Word of the Day : November 5, 2011


adjective VIS-uh-rul


1 : felt in or as if in the internal organs of the body

2 : not intellectual : instinctive

3 : dealing with crude or elemental emotions

4 : of, relating to, or located on or among the internal organs of the body

Did You Know?

The "viscera" are the internal organs of the body -- especially those located in the large cavity of the trunk (e.g., the heart, liver, and intestines). The word "viscera" comes from Latin, in which it has essentially the same meaning. Something "visceral" has to do with the viscera. In a more figurative sense, something "visceral" is felt "deep down." Even in the early years of its use, "visceral" often referred to things emotional rather than physiological. For example, in 1640 an English bishop named Edward Reynolds wrote, "Love is of all other the inmost and most visceral affection." This figurative use is the most common use of "visceral," but the word continues to be used in medical contexts as well.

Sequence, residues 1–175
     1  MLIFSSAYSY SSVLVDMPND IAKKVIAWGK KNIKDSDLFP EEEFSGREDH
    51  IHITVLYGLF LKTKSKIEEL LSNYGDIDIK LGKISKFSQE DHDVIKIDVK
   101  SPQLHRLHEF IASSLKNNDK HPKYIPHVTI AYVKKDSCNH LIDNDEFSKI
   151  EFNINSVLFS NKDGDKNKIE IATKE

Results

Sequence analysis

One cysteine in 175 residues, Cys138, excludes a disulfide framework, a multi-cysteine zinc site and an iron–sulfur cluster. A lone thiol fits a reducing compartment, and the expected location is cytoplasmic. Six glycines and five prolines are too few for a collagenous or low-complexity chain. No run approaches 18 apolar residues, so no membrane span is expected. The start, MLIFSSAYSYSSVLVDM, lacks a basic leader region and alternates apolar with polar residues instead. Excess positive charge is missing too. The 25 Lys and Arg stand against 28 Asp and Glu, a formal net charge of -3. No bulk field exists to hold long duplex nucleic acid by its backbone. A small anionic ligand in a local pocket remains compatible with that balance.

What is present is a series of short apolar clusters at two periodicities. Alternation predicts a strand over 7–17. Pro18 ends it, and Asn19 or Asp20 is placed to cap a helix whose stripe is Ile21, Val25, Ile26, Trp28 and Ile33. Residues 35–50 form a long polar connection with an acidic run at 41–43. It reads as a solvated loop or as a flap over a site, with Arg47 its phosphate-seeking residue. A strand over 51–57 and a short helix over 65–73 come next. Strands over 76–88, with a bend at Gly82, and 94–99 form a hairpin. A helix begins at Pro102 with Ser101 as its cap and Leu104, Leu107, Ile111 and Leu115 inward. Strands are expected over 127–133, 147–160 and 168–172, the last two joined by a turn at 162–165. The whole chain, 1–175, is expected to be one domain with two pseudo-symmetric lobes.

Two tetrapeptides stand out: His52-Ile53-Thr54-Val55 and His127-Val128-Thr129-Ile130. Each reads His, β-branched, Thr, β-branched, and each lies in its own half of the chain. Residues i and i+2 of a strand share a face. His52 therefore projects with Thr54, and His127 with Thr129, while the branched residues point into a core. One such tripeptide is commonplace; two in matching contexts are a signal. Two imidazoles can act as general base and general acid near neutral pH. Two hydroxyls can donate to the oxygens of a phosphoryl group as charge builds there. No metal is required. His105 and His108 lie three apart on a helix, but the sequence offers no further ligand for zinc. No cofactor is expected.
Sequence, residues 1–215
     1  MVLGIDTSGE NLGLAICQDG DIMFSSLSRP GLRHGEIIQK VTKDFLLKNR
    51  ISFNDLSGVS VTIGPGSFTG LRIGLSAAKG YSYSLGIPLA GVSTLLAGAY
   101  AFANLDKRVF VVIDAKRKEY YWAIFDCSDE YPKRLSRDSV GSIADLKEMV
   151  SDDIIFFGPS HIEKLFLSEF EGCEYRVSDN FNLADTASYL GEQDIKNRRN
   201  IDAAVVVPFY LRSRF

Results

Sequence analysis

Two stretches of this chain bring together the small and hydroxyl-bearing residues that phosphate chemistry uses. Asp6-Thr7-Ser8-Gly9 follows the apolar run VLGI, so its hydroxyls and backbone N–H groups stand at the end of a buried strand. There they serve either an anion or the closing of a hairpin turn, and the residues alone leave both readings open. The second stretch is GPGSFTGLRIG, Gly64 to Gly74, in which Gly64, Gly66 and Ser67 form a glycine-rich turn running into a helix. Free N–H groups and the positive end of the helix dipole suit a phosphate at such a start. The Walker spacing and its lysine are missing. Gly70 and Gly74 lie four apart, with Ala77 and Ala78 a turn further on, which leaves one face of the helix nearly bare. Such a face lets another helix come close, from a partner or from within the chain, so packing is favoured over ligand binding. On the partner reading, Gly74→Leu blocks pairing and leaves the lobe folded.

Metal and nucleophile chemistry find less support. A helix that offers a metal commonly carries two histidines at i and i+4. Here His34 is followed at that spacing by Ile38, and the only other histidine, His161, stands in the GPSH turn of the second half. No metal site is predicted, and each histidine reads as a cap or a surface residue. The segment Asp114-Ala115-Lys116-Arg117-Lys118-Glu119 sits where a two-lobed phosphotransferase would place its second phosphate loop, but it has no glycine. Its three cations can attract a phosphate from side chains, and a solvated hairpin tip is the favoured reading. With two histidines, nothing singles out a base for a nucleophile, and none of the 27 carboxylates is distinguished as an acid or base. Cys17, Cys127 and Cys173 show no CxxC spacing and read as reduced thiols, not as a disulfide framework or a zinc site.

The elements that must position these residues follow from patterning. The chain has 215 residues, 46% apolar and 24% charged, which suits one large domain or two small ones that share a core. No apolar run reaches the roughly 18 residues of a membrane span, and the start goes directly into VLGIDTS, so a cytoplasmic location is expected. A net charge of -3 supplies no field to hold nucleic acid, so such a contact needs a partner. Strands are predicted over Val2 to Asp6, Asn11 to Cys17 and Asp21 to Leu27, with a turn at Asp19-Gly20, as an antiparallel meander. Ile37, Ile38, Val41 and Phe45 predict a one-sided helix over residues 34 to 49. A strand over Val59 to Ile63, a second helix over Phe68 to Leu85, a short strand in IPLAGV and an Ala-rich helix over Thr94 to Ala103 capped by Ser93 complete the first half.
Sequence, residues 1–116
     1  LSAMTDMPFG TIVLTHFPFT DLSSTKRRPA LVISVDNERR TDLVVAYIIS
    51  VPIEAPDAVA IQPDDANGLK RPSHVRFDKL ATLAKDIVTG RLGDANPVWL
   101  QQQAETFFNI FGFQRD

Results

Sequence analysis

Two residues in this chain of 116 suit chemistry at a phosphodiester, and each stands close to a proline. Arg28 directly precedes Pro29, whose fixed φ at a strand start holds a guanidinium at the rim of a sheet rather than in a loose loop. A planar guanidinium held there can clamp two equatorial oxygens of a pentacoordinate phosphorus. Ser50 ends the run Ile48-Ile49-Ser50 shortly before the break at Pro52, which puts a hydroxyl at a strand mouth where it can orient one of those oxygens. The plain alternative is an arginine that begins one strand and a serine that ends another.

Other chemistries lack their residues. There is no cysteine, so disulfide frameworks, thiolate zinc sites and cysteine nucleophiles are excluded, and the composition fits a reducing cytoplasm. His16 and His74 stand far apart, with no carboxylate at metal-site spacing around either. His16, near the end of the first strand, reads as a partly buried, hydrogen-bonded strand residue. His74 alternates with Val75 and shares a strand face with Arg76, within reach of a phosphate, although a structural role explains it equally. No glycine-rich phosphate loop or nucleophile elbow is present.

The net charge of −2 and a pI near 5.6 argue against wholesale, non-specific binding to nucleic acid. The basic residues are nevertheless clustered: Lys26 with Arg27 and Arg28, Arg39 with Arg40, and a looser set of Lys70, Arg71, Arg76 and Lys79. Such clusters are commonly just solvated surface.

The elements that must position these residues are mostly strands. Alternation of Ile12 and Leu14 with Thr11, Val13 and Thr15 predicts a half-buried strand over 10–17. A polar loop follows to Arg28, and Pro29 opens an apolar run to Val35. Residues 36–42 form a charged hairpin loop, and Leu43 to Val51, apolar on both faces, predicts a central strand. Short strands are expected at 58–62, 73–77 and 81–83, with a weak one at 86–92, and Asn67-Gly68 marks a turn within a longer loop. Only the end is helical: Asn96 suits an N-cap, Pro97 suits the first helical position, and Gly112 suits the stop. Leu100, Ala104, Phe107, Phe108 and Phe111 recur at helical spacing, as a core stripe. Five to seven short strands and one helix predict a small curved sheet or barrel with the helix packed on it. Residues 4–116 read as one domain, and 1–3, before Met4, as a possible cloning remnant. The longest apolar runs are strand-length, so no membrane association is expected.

The steady, pounding bass lines and infectious harmonies give the music a real visceral punch.

"My mom is the only one who still writes me letters. And there's something visceral about opening a letter -- I see her on the page. I see her in her handwriting." -- Steve Carell, quoted in The Boston Globe Magazine, July 24, 2011

Test Your Memory

What is the meaning of "importunate," our Word of the Day from October 22? The answer is ...


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